Sunflower seed oil analysis by NMR
Trakya Birlik, an agricultural cooperative based in Edirne, Turkey, has purchased 21 Oxford Instruments Magnetic Resonance MQC-5 benchtop NMR analysers. The instruments will be used as part of an initiative to improve sunflower seed oil yield.
“The Trakya Birlik cooperative sought a fast, simple and accurate oil content measurement method as part of their plan to improve management of the cooperative and increase the sunflower crop’s oil yield. Using the MQC instruments will enable them to pay farmers based on actual oil content, rather than total crop weight,” said Barry Jones, Oxford Instruments’ Director of Sales.
The cooperative initially purchased several MQC NMR analysers in 2009 and the 2010 order for 21 more instruments was awarded after a competitive bidding process, bringing the total number of MQC-5 analysers in their possession to 46.
The instruments measure oil, fat and water content in a variety of foodstuffs, including such oilseeds as sunflower, soya and rapeseed. With this method, the cooperative can measure samples in less than two minutes, in comparison with a traditional chemical extraction technique that takes several hours per sample and uses hazardous chemical solvents.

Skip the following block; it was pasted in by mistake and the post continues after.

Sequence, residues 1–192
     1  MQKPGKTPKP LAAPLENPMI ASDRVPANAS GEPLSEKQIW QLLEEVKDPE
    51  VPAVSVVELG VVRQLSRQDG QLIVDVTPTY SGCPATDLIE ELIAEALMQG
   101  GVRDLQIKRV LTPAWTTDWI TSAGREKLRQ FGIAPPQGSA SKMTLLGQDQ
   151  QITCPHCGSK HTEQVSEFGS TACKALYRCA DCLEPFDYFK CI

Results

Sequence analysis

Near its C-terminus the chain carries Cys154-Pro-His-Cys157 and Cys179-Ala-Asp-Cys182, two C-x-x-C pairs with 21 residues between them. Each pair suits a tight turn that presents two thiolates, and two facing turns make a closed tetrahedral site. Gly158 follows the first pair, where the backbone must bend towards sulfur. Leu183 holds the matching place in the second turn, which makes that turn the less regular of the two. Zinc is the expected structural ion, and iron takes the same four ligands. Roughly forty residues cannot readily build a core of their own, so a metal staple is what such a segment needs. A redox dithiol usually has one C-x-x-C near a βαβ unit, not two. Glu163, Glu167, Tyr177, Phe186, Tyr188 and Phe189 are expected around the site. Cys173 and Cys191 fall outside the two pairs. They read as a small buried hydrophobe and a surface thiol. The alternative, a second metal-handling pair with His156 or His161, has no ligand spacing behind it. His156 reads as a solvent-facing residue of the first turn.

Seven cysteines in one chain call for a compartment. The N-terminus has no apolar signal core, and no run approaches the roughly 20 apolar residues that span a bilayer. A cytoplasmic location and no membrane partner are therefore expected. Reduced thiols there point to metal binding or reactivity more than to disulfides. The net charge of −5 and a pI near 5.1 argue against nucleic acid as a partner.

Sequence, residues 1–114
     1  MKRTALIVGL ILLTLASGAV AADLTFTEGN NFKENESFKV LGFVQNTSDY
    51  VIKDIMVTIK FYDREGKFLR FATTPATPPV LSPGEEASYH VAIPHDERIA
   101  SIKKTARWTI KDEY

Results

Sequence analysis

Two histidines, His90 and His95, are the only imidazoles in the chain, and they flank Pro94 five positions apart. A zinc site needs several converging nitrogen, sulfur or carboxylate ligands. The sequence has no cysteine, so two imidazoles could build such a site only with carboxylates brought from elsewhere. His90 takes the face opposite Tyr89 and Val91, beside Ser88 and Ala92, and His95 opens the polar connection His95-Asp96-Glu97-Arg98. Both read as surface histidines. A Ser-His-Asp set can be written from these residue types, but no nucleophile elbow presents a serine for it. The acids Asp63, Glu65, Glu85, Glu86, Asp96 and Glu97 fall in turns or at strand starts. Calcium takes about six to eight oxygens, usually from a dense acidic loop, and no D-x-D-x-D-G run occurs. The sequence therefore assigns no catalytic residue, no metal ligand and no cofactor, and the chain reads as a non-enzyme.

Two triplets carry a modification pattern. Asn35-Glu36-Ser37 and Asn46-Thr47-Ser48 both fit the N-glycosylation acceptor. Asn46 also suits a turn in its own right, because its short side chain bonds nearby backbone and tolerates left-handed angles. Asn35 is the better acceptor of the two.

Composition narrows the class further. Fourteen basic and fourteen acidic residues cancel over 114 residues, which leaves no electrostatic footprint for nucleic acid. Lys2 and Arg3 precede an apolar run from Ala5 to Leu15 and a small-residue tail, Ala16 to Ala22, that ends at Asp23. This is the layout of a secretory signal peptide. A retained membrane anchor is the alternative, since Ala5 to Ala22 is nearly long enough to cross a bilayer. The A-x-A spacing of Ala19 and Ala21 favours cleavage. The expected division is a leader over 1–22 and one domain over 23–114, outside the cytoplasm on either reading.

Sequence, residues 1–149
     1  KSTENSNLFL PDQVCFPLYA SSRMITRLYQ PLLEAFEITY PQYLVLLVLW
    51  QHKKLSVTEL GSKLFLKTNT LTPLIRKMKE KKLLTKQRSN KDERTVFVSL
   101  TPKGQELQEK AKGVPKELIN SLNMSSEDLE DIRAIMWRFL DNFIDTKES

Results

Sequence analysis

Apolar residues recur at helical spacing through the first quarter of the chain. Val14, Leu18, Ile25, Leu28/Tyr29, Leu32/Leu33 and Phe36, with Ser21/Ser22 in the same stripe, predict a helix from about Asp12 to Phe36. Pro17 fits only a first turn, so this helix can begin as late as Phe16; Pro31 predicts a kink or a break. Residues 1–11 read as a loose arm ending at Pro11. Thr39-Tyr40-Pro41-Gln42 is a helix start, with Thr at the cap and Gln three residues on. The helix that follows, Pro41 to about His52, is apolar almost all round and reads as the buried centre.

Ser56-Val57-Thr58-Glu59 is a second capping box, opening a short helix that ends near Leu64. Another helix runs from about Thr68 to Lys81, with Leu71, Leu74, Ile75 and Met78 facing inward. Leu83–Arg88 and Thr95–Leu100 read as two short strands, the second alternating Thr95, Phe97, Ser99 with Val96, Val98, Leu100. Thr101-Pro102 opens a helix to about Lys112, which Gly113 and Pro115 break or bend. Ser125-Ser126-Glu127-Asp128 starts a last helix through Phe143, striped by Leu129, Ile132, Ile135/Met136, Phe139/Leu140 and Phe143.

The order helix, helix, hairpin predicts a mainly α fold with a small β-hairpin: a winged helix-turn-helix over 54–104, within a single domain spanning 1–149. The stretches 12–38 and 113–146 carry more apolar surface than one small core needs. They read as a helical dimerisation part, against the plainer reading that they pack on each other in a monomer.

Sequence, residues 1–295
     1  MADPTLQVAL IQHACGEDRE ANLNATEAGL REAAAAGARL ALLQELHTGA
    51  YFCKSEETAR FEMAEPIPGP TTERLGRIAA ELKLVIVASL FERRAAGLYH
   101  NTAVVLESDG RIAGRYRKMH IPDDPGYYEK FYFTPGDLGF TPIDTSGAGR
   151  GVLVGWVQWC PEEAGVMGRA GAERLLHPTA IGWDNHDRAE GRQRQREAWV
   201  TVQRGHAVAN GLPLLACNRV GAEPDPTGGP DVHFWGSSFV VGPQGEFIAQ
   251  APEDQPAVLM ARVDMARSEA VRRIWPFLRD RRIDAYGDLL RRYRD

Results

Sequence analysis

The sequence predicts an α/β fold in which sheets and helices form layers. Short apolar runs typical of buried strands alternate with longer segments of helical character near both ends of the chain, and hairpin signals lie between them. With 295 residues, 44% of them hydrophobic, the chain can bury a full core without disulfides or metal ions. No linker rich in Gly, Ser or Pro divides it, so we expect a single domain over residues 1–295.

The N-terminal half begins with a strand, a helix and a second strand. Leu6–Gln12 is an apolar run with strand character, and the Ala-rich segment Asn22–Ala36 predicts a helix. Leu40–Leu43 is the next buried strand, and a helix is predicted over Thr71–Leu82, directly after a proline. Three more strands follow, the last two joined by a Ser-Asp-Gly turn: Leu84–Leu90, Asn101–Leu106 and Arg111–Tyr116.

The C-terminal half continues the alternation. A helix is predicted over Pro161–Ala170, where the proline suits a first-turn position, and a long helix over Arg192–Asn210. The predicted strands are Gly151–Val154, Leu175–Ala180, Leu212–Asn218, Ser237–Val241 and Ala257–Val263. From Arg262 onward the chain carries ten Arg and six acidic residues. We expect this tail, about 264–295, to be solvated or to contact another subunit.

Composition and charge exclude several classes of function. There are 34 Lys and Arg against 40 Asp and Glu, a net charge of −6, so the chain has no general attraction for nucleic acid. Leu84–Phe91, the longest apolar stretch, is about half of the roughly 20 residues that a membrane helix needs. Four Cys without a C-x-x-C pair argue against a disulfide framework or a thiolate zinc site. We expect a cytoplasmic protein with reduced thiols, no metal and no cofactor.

The analyser’s compact size minimises the instrument’s footprint on critical laboratory benchtop workspace. It also includes a space-saving internal computer with operator interface, so no external PC is required.
With the recent change to a 17″ LCD flat-screen monitor mounted on the magnet, the user is provided with a clear view of data and operational instructions. Test and diagnostic software makes remote servicing of the instrument a cost-saving convenience.
The MQC line is available in a number of models with probes ranging from 5 to 60 mm in diameter. Each instrument is shipped with all required software, hardware and sampling accessories, including set-up standards tailored to the user’s application.
Work is underway to create an easy-to-use testing device that can detect adulterated food fraud,...
US researchers are using aerosol-jet-printing technology to create graphene biosensors that can...
Bacterial biofilms can cause headaches for the food processing industry, but researchers in Tokyo...